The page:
with Your Teens
Starting the Conversation
Alcohol and Drug Use
STARTING THE CONVERSATION
Be Patient and Ready to Listen
Be prepared to do more listening than talking – it should feel like a conversation, not a lecture. It will be helpful if you can keep an open mind and show your genuine concern and interest. Ask open-ended questions rather than just “yes” and “no” questions. It’s okay for your conversations to take place over time.
Start the Conversation Naturally
Teens will likely be more receptive to a relaxed approach as opposed to anything that feels like a formal “sit down” meeting. Rather than saying, “We need to talk,” you might ask your teen what he or she is encountering with their friends. LET YOUR TEEN KNOW THEY’RE BEING HEARD.
Be attentive, curious, respectful, and understanding. If you approach the situation with shame, anger, or scare tactics, your conversation may not be very productive. For example, let your teen know that you are on their side and that you are here to support them.
ALCOHOL AND DRUG USE
Talk Openly About Your Family History
If there is a history of addiction in your family, then your child has a greater risk of developing a problem. Discuss this risk with your child as you would with any other illness.
Set Clear Expectations
Make sure your teen knows your rules and the consequences for breaking those rules – and, most importantly, that you really will enforce those consequences if the rules are broken. Kids who are not regularly monitored by their parents are four times more likely to use alcohol and drugs
If Your Child Is Interested in Drinking or Using Drugs, Ask “Why”
And ask what might happen if they do. This gets your teen to think about their future – and some of the possible negative consequences of drinking or using drugs. For example, they may be late to practice or do something stupid in front of their friends. If you suspect that your child has been drinking, share your concerns without sounding accusatory. For example, “I have noticed your grades are dropping, and that you are hanging out with a new crowd.” Focus on concerning behavior and why it worries you.
Teach Them How to Say “No”
Kids who don’t know what to say when someone offers them alcohol or other drugs are more likely to give in to peer pressure. Help them be prepared by role-playing different scenarios they might encounter. Let them know that they can always use you as an excuse. For example, “No, my parents signed me up for the drug-testing program at school.”
Offer Empathy, Compassion, and Support
Let your child know you understand teen years can be tough. Acknowledge that everyone struggles sometimes, but that alcohol and drugs are not a useful or healthy way to cope with problems. Let your child know that they can come to you for support and guidance. Model healthy ways of coping with stress such as exercising, eating well, and getting enough sleep.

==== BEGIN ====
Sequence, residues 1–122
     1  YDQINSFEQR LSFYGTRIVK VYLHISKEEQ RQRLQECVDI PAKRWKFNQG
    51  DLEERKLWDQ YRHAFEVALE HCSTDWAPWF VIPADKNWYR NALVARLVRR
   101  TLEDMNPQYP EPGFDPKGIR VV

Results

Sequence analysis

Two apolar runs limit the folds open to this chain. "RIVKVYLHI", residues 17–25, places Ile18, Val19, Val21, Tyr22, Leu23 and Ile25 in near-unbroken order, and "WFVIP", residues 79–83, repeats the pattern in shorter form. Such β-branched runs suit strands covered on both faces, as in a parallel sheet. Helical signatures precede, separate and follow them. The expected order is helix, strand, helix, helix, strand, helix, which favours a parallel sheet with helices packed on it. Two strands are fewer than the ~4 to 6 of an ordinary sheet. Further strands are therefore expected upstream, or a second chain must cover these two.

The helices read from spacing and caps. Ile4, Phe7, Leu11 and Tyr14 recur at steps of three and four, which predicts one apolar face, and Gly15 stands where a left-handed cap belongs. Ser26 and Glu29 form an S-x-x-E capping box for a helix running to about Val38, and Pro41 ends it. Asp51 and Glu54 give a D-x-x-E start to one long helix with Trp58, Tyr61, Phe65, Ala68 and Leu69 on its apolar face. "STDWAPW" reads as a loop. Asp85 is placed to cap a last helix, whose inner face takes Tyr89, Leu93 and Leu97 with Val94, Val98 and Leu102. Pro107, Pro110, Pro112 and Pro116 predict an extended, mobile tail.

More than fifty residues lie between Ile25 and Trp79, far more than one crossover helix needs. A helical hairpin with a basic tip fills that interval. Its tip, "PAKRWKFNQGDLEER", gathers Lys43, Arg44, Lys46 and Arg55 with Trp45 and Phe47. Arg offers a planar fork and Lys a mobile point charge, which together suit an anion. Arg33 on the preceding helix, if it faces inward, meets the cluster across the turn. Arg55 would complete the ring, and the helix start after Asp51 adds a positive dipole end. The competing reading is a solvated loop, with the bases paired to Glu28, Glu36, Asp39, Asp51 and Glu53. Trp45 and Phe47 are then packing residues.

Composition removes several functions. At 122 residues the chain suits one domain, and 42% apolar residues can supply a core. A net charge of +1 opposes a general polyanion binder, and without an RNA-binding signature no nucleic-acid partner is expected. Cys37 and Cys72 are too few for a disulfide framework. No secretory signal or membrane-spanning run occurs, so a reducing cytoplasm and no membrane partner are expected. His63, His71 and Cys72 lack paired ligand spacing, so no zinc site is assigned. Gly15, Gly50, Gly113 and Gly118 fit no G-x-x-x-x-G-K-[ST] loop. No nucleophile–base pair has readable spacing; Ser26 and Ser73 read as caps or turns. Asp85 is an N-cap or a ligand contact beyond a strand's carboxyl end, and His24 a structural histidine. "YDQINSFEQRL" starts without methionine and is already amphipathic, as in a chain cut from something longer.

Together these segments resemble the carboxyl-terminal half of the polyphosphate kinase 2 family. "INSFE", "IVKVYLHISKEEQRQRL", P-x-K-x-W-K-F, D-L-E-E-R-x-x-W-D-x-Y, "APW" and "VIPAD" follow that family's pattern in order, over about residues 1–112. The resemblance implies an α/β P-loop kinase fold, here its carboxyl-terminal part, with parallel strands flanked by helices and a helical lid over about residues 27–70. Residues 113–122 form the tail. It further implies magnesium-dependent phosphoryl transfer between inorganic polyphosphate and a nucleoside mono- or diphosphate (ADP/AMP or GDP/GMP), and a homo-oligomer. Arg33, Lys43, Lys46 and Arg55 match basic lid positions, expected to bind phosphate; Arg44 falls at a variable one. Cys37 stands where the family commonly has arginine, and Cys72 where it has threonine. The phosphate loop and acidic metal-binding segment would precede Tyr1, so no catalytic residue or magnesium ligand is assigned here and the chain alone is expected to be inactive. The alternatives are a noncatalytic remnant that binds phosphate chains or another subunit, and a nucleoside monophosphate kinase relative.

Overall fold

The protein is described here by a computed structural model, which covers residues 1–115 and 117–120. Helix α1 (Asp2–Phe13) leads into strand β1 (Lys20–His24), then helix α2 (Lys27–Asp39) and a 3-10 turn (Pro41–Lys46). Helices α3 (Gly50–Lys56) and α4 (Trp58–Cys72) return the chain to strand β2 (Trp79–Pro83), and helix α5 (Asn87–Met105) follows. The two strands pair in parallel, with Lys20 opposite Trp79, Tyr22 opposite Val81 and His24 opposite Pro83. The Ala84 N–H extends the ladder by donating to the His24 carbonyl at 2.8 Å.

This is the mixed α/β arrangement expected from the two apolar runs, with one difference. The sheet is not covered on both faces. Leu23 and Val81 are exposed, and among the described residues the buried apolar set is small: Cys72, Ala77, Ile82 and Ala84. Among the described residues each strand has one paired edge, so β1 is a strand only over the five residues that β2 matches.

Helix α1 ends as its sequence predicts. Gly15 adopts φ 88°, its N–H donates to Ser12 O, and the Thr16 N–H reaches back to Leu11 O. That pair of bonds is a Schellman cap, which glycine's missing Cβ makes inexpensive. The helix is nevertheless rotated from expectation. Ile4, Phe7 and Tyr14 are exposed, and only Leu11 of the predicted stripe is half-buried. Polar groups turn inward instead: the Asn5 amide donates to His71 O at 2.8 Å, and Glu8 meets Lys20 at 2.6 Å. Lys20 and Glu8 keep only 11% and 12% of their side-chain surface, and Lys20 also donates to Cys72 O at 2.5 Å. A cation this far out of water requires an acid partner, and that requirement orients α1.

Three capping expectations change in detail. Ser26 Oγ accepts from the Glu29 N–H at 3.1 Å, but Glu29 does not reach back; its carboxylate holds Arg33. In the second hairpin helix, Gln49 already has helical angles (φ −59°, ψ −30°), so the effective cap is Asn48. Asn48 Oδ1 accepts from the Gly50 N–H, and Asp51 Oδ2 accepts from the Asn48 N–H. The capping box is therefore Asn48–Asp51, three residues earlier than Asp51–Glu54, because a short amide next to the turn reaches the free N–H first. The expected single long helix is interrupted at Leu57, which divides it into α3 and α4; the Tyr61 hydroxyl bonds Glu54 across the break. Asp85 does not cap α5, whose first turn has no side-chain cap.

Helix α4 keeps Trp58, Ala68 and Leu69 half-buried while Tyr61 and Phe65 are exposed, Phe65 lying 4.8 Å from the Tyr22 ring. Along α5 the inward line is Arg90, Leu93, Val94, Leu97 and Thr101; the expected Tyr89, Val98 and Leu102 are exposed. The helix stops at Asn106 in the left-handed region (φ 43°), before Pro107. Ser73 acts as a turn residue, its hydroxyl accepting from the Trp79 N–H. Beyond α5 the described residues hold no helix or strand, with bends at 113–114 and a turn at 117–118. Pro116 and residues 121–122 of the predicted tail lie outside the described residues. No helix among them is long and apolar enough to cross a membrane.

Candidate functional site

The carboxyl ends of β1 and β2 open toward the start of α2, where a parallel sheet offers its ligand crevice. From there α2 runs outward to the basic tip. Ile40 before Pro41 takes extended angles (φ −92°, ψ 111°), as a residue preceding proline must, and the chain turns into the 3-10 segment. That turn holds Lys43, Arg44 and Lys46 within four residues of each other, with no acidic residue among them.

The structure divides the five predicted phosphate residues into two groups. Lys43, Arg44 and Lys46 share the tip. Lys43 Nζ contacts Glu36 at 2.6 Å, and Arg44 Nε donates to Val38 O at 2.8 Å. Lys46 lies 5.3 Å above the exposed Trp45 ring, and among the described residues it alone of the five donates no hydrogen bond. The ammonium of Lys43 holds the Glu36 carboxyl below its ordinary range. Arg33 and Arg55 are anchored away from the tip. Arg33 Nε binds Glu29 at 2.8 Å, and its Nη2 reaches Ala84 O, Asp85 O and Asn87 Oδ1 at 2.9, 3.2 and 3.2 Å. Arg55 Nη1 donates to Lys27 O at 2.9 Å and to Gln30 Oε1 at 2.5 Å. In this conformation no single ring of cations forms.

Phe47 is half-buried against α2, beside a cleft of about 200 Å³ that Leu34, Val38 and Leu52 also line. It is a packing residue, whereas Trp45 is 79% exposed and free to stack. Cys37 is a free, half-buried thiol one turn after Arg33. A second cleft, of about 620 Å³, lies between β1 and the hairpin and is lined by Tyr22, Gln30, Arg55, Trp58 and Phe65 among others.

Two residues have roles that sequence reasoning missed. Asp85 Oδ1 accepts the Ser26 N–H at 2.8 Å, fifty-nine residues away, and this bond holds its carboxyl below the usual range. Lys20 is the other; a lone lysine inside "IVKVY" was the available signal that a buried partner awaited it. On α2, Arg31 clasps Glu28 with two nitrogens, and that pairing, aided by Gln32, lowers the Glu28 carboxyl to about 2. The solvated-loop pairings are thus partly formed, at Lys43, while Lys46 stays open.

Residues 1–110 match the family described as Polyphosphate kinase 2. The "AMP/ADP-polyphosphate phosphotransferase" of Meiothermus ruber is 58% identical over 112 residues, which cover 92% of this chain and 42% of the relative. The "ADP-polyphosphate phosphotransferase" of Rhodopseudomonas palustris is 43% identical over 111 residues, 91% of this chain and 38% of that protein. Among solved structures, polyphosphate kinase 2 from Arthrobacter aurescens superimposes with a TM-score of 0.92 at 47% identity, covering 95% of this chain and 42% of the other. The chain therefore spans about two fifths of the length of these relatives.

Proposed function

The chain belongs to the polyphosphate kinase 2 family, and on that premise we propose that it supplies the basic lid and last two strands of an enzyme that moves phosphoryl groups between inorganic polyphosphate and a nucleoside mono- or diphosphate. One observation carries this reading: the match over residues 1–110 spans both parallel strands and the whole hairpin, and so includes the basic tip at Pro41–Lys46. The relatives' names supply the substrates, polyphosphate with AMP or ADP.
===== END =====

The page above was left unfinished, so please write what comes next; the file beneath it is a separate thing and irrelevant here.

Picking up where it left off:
Give Them the Facts
Don’t just leave your child’s anti-drug education up to their school. Educate yourself so you can share the most up-to-date information with your teen. Let them know how important it is to protect their brains during these years of growth and development.
Encourage Them to Become a List Maker
Kids with perfectionist tendencies tend to focus on past failures. They become frozen with fear over the steps required for their next big endeavor. Creating a checklist can be a helpful tool that breaks down a complicated process into manageable steps where they can cross off completed items.
Become a Failure Role Model
Create opportunities for your child to witness you not being perfect at something important. Then follow it by a discussion about how you move past inevitable failures in life. Role modeling is particularly important if you feel that your child thinks you place strong pressure on them to perform. Teach them how to unwind after a long day with healthy ways to cope withs stress and anxiety.
Rebranding Their Goals
Help create a mindset shift by letting them know that, in most cases, getting things done is more important than doing things perfectly. Get them in the habit of repeating mantras like, “Mistakes aren’t fun, but they always teach me something,” and, “Progress is my goal, not perfection.”
Don’t Be the “Cool” Parent
Hosting parties for teens with the intention of teaching them to drink responsibly is a concept that some parents have adopted, believing it to be a proactive approach towards their children’s alcohol education. However, research indicates that this approach is misguided and ineffective in achieving its desired outcome. The teenage brain is still developing, and early exposure to alcohol, even under supervision, can have adverse effects.